CP steels are characterized by good work hardening even to minor deformation forces. Additionally, these steels have good bake hardening potential. Heat treatment of hot rolled CP steels at 500 up to 700 deg C can be used to increase the yield point upto 100 MPa. In addition, without compromising component properties, forming in the temperature range between 550 up to 650 deg C can be used to produce complex parts.
CP steels exhibit good roll forming, bending and hole expansion behaviour. Their key characteristics are high residual deformation and high energy absorption capacity.
CP steels have high wear resistance and hence have good durability. Hence these steels are used for parts with heavy wear.
CP steels display high fatigue strength. Based on stress-strain curves they display higher fatigue strength than dual-phase and retained austenite steels, but they are more sensitive to severe strain peaks, i.e. abusive loads. The good fatigue properties of CP steels can be used in suspension system parts such as suspension arms.
Fig 2 below gives typical Wohler curves for a variety of CP steels. They are expressed as stress amplitude versus cycles to failure and are obtained with a stress ratio of R = 0.1 and repeated tensile loading.
The graph below (Fig 3) shows typical low cycle or EN curves for CP steels. These are expressed as strain amplitude versus number of reversals (one cycle equals two reversals.
CP steels can be welded to other CP steels and to other common steel grades. The welding parameters must be matched to the material. To spot weld CP steels the same equipment can generally be used as for unalloyed deep-drawing steels.
Compared with lower strength steel grades, CP steels tend to have a lower electrical conductivity, which is why they require lower welding current with the same electrode force in spot welding. When resistance spot welding galvanized sheets, the welding currents must be raised due to the higher conductivity of the coating compared with the base metal. In addition, increasing the electrode force and welding time has a favorable effect on the welding current range.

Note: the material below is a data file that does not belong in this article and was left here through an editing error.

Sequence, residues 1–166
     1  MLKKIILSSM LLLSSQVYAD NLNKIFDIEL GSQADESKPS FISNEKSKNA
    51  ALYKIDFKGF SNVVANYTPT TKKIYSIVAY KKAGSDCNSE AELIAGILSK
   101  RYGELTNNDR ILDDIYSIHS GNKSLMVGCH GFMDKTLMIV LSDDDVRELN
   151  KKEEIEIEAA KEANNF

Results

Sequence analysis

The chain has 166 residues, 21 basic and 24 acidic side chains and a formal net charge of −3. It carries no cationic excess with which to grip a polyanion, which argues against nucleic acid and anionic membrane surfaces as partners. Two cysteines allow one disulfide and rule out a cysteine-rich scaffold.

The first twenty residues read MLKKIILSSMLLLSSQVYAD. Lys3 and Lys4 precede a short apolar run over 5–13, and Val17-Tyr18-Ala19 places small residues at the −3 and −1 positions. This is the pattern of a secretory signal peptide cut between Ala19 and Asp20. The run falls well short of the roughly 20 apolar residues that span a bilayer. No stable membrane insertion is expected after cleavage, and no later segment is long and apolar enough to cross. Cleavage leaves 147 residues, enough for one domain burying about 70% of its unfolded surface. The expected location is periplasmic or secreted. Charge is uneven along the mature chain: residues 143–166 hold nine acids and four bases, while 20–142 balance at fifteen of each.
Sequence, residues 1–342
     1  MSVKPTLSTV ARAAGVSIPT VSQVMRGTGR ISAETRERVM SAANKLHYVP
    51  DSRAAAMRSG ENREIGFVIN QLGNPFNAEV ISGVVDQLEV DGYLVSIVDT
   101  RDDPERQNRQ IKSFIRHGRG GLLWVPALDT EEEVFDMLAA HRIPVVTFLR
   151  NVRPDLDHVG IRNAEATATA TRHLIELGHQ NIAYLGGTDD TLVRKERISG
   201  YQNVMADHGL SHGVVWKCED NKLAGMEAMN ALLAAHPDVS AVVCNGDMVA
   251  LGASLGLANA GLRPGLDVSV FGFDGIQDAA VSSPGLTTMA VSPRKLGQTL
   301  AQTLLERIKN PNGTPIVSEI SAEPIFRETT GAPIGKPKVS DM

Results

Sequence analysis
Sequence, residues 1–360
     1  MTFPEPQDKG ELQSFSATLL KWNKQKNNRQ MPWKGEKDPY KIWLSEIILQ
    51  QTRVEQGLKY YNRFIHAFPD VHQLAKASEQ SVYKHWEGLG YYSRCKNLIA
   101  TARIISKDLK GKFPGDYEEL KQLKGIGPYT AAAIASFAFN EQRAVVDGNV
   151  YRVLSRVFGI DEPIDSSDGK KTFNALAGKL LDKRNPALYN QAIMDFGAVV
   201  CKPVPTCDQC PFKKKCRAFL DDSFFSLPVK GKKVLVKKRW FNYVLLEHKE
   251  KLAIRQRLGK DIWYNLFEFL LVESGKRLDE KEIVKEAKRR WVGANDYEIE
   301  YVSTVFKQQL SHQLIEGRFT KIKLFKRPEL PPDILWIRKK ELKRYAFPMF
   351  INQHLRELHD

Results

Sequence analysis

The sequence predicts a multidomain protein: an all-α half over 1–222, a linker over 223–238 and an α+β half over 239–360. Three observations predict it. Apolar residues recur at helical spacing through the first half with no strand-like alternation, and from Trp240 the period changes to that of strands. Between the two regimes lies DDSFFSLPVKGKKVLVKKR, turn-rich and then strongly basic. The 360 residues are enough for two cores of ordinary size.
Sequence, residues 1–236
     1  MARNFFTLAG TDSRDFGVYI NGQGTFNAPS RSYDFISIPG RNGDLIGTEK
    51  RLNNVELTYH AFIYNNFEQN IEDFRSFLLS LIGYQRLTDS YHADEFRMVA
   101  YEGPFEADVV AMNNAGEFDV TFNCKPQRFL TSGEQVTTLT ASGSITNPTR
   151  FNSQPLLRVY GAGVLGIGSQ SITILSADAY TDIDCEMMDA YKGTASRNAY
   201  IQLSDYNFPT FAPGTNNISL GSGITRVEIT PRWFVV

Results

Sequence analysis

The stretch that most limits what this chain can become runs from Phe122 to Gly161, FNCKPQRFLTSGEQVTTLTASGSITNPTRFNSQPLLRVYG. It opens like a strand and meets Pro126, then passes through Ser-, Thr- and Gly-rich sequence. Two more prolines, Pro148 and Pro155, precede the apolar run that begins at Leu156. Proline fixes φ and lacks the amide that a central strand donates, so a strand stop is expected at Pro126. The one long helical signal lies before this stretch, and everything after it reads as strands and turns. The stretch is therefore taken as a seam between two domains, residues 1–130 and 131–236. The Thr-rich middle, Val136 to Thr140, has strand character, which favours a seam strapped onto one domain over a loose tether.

As well as sheet grade, surface and thickness ratio, other factors such as the type of electrode used play an important role in determining the optimum joining parameters.
Applications of CP steels
CP steels are particularly suitable for weight saving manufacturing of cold formed, crash relevant parts of automobiles and have several automotive applications, particularly in body structure, suspension, and chassis components. Some car manufacturers have used CP steels in several components to improve rear crash safety.
CP steels are distinguished by good deformability and high capability to absorb energy during a collision. Because of these properties, CP steels ?nd application as a material for production of construction elements absorbing the energy of collisions, especially side crashes.
Given their high energy absorption capacity and fatigue strength, CP steel grades are particularly well suited for automotive safety components requiring good impact strength and for suspension system components. Examples are fender beams, cross members, side impact intrusion beams, door impact beams, bumpers, and reinforcements for B- pillar. Replacing conventional microalloyed steels with CP steels in B-pillar reinforcement can double its strength.